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Where Should Buyers Come Back In?

Monday, 29 Sep 2008 | 7:19 PM ET

Wall Street despair. Where should buyers come into the market?

If you're a stock trader, this previously simple question has now become hideously complex, almost unknowable. That is the source of the despair on Wall Street tonight.

The TARP plan that was rejected by the House of Representatives today was important for a simple reason: it would help put a floor under the credit market.

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  • Spreads in the credit market are now again widening on virtually everything except Treasuries and gold.

    To be a buyer of stocks, but particularly a valuation buyer, you use earnings and interest rates to value stocks.

    The problem: both earnings and interest rates have become moving targets. Right now, the ranges for earnings and interest rates are so wide no real valuation methodology is possible.

    Think about it: you can't predict what Altria is going to earn if you have no idea what it will cost them to borrow money.

    Even the Procter and Gamble's of the world need to borrow money.

    And some players—energy trading companies, investment banks—depend on short-term financing that is virtually inaccessible right now.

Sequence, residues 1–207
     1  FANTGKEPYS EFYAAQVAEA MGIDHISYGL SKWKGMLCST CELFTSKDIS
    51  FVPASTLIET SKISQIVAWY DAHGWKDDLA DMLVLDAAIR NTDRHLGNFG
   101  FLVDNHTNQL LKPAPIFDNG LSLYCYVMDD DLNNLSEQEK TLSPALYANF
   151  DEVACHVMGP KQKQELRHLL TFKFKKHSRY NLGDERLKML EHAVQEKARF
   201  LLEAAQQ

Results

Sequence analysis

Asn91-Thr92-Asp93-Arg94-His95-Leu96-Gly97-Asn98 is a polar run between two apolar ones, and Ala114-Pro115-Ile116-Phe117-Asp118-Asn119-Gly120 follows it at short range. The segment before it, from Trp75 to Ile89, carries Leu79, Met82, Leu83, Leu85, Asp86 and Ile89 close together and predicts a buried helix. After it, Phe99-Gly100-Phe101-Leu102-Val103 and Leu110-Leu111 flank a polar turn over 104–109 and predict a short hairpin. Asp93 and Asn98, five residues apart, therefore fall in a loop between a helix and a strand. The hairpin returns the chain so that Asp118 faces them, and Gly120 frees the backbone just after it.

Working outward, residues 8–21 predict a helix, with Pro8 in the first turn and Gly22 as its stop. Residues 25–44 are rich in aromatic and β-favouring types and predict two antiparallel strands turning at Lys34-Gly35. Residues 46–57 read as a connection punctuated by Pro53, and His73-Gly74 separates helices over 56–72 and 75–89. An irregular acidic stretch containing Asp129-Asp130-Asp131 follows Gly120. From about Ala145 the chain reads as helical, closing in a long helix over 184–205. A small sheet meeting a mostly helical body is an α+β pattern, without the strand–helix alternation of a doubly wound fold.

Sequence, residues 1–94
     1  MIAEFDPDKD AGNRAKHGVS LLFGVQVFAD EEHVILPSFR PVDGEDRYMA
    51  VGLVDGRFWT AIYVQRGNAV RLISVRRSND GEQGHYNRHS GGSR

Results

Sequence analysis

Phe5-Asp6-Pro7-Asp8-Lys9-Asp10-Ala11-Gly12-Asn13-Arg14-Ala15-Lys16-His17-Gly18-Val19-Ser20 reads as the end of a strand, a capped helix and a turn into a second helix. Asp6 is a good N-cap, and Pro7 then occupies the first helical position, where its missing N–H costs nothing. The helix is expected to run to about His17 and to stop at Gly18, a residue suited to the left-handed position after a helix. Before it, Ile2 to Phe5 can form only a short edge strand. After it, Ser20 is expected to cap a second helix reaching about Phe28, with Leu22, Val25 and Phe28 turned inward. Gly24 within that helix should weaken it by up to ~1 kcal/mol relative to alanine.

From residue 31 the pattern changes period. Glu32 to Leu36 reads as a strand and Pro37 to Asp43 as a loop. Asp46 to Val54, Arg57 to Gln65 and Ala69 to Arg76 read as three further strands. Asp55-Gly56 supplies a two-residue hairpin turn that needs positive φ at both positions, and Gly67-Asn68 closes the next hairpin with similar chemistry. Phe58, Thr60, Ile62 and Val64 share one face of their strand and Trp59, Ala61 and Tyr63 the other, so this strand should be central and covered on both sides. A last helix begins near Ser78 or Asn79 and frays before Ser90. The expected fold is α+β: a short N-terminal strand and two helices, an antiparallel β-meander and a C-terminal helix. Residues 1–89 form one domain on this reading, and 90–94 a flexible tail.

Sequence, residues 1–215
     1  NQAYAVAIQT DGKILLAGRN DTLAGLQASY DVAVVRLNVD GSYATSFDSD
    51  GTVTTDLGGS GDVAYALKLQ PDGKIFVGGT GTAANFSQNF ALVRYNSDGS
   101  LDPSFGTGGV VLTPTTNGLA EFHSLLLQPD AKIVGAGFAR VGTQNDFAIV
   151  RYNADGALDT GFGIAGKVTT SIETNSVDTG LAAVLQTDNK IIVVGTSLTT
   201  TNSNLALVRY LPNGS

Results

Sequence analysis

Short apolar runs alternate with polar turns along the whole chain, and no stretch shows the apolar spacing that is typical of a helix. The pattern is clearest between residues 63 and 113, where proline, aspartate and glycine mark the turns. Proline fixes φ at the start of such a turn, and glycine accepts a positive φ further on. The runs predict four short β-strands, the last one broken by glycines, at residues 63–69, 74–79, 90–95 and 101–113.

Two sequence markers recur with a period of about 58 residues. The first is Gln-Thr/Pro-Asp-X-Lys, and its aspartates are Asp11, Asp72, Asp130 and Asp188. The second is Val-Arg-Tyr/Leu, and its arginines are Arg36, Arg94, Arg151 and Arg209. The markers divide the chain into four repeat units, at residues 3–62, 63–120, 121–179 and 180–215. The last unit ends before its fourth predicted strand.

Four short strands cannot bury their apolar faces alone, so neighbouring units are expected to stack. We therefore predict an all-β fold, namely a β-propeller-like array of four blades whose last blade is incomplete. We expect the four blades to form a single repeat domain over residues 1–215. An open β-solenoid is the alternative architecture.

Some small and midcap companies could be wiped out unless the credit markets unfreeze.

    So what do stock traders do? Normally, with the CBOE Volatility Index (VIX) near 50, it's a screaming buy. These were levels that were last seen at the 2002 lows.

    Some bold traders, noting that overseas markets look to be opening down big, say a big down open (another 500 + points on the Dow), could be a tradeable bottom, because at the point you would have a 12 percent correction in two days.

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    New from CNBC.com:

    - The Dow 30 at a Glance

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    The markets don't go down like that in two days. But even that is now called into question.

    Lowry, the oldest technical analysis service in the United States, said in a note to clients after the bell that while nearly 98 percent of the volume at the NYSE today went to stocks on the downside, ""90% Down Days are frequently followed by 2-7 days of rally, the lack of signs of a major market low suggests any rally, if it occurs, should be used for building additional defensive positions."


    Questions? Comments? tradertalk@cnbc.com

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    • A CNBC reporter since 1990, Bob Pisani covers Wall Street from the floor of the New York Stock Exchange.

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